Causality in Islamic Philosophy

Authored by: Luis Xavier López-Farjeat

The Routledge Companion to Islamic Philosophy

Print publication date:  September  2015
Online publication date:  August  2015

Print ISBN: 9780415881609
eBook ISBN: 9781315708928
Adobe ISBN: 9781317484332

10.4324/9781315708928.ch11

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Abstract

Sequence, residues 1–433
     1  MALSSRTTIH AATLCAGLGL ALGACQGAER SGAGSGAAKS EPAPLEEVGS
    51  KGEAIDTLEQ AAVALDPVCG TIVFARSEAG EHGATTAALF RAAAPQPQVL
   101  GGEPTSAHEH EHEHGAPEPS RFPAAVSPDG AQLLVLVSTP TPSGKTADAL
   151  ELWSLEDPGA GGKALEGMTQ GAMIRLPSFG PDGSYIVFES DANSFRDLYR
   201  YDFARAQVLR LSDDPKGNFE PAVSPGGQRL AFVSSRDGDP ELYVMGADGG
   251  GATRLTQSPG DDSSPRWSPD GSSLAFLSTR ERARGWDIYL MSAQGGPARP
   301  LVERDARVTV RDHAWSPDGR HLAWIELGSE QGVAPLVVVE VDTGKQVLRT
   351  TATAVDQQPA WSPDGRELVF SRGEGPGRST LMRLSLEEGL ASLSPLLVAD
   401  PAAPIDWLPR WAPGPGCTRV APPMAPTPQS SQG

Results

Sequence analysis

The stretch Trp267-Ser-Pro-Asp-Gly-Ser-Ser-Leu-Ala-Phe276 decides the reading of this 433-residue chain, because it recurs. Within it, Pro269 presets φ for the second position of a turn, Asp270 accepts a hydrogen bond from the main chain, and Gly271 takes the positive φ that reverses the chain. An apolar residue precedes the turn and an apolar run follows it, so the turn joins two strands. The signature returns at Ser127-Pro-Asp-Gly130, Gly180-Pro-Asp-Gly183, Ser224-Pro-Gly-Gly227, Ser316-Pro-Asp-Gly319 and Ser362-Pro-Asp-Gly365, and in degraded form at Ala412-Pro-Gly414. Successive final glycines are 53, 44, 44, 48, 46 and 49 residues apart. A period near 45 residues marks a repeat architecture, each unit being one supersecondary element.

Islamic discussions on causality are frequently related to two main philosophical issues, namely, the nature of God as the causal agent par excellence and the creation or origination of the world. Islamic theologians and philosophers both built their different conceptions of causality upon Greek sources, mainly Neoplatonic—such as the Arabic version of the Liber de causis (Taylor 2012), some texts derived from Plotinus’s Enneads known as the Plotiniana arabica (d’Ancona 2010), and some Neoplatonic commentators on Aristotle’s works (Wisnovsky 2002). From the Neoplatonic sources, metaphysicians such as al-Kind?, al-F?r?b?, and Ibn S?n? developed the notion of primary causality which was essential to argue for the existence of a First Cause (al-‘illa al-?l?) or God as responsible for the origination or creation of being (Taylor 2012). Nevertheless, the Aristotelian tradition was also quite influential: from Aristotle’s Physics and Metaphysics the Islamic tradition took the characterization of the four causes as something essential for their comprehension of the natural world and of the moving heavens. Aristotle’s conception of causality, however, was controversial for some theologians, mainly al-Ghaz?l? and the Ash‘arites, given that it explained natural phenomena without appealing to the necessity of a creator.

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